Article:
Recognizing innovative approaches that promote student-centred education
The Society for Teaching and Learning in Higher Education (STLHE), in partnership with D2L, are proud to present five outstanding post-secondary educators with the 2019 D2L Innovation Award in Teaching and Learning. The award recognizes outstanding educators who were selected from an international pool of applicants — and who are redefining the learning experience of students through innovative practices:
- Anne Trepanier, Carleton University, Canada
- Diane Salter, St. George’s University, Grenada
- Eva Peisachovich, York University, Canada
- Fun Man Fung, National University of Singapore, Singapore
- John Nychka, University of Alberta, Canada
“I am excited to welcome and congratulate our latest D2L Innovation Award in Teaching and Learning recipients. They each represent the diversity of teaching and have created unique learning environments for their students. Please join me in celebrating their accomplishments,” said STLHE President, Dr. Denise Stockley.
“In an age of rapid technological change, it is more important than ever to develop innovative and boundary-breaking pedagogy that helps students succeed. D2L is enormously proud to support the work of these five visionary educational leaders and their passion for education,” said John Baker, President and CEO of D2L.
This year’s award recipients are at the forefront of innovation both within their academic institutions and higher education more broadly. Congratulations to:
Anne Trépanier, School of Indigenous and Canadian Studies, Carleton University, Canada
Anne champions the cultivation of peer support for persistence to help her students better understand Québec Studies. She has intoduced innovative practices at Carleton University through the re-imagination and repurposing of existing tools in the learning management system. These practices include the development and sustainment of learning communities within a course and her department, increasing diversity and global learning in the online and classroom settings, and creating experiential capstone projects. These practices have fostered curriculum development in the fields of Critical Nationalism and Québec Studies, innovative assignments, creative learning activities, assessment methods, and community outreach.
Diane Salter, St. George’s University, Grenada
Diane is committed to creating learning environments that focus on active, task-based learning to expand the space for learning beyond the classroom and promote deep learning. Her evidence-based framework for faculty development has helped hundreds of faculty engage in a program that promotes a self-directed professional learning path. Unique aspects of her program include the use of a conceptual change, learning-centred framework, authentic oral assessment, and a flexible timeline for entry and completion of certificate programs in scholarship, research, and leadership in higher education.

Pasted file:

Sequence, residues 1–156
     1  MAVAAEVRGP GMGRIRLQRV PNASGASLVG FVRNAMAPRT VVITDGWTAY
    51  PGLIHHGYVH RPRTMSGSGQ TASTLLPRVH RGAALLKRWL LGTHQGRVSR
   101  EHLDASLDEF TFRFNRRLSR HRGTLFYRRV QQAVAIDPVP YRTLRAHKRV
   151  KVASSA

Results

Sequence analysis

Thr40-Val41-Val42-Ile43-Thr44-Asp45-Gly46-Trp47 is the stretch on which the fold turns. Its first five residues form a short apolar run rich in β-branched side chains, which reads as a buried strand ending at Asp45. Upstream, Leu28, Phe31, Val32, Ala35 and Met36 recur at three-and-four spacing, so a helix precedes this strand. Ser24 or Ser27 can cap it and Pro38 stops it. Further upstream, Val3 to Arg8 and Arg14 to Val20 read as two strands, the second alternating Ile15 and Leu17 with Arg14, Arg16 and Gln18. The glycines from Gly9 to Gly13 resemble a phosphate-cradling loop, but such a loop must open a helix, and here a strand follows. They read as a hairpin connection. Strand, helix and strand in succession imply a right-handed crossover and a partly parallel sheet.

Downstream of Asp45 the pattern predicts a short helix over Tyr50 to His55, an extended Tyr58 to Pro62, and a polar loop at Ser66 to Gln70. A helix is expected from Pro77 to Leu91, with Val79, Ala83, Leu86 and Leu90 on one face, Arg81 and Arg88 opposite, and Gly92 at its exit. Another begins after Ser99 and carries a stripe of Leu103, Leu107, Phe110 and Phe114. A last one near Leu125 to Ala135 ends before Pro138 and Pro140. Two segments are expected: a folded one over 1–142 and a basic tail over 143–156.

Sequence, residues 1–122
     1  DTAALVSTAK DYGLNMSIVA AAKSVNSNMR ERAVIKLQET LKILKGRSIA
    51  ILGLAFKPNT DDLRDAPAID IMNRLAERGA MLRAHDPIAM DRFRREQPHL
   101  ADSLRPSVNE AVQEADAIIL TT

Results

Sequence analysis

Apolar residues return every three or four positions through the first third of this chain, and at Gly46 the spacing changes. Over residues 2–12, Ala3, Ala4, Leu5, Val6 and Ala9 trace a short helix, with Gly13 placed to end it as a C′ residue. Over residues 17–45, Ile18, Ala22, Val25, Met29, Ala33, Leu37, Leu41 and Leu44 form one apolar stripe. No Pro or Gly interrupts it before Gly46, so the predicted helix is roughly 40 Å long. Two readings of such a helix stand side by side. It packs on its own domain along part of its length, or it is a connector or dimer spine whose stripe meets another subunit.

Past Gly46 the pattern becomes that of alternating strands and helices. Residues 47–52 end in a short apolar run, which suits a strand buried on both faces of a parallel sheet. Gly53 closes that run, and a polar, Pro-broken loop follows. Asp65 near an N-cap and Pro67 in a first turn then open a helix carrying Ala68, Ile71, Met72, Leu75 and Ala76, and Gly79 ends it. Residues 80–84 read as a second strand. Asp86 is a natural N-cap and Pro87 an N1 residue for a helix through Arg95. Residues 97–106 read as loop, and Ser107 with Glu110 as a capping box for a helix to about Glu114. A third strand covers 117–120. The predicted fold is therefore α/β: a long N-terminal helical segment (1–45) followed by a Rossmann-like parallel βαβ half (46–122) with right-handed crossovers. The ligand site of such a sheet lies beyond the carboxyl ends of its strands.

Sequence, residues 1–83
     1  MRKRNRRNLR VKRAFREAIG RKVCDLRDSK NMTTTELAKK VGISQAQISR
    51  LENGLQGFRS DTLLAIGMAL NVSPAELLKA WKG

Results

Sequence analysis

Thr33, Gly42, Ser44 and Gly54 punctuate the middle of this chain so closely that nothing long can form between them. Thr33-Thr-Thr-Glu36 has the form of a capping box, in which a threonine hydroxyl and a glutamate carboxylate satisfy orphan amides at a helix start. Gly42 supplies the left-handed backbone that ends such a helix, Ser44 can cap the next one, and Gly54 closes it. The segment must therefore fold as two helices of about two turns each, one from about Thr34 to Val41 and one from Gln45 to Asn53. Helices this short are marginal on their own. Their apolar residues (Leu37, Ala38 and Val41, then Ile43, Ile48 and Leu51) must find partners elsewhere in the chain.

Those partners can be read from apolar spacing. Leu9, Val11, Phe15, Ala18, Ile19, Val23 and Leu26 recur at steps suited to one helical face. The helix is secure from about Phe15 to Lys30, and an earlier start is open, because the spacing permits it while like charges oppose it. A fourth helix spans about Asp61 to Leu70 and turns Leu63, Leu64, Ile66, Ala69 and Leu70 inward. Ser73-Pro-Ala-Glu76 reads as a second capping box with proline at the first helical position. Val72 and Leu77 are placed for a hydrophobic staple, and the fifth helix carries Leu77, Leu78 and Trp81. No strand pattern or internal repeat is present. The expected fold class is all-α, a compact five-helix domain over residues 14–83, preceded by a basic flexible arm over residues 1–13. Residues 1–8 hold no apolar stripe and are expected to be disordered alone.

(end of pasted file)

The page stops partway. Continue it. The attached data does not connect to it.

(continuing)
Eva Peisachovich, School of Nursing, York University
Eva is a passionate nursing educator who developed the Simulated Person Methodology to humanize curricula in the Health Sciences. Her inexpensive approach gives undergraduates from different disciplines high-quality experiential learning opportunities that benefit those serving as simulated persons (SP) and those who train with SPs. While simulation training is not new to the Health disciplines, her pedagogical model helps many within and outside of health care to adopt the methodology, enabling students from different disciplines to create meaning from their experiences and to gain insights while serving their peers’ experiential training needs.
Fun Man Fung, Department of Chemistry, National University of Singapore, Singapore
As an instructor of chemistry, Fun Man is known for supercharging science education by applying a suite of technological tools that help students and the public better understand science. Examples of these tools include the use of the Google Glass wearable device, the GoPro camera to film instructor point of view lab videos, and adopting a 360 degree camera and drone to visualize environmental fieldwork and create virtual field-trips. Fun Man’s 133 units of flipped “Lightboard” lectures have reimagined science education and improved learning in chemistry. These and other pedagogical innovations are captured in Fun Man’s authored and co-authored peer-reviewed publications in SoTL and Chemical Education.
John Nychka, Faculty of Engineering, University of Alberta, Canada
Nychka’s pedagogical innovations are premised on design thinking and a desire to increase student engagement and self-directedness. Through various means (e.g., surveying, testing) he explores and determines obstacles to his students’ learning, creating new and authentic experiences that better support their learning needs. His student-focused approach has led to the creation of Room with A VUE – a pedagogical framework designed to make concepts more Accessible, Visual, Unexpected, and Engaging and a curricular overhaul of his courses and program to include hands-on active learning and transferable learning outcomes for graduate students. Through his various leadership roles, Nychka promotes the scholarship of teaching and the adoption of learner-centered best practices worldwide.
ABOUT THE SOCIETY FOR TEACHING AND LEARNING IN HIGHER EDUCATION (STLHE)
STLHE strives to be the pre-eminent national voice and a world leader for enhancing teaching and learning in higher education. STLHE supports research, its dissemination, increased awareness and application of research through scholarly teaching and learning. Visit the Society’s website for more information.
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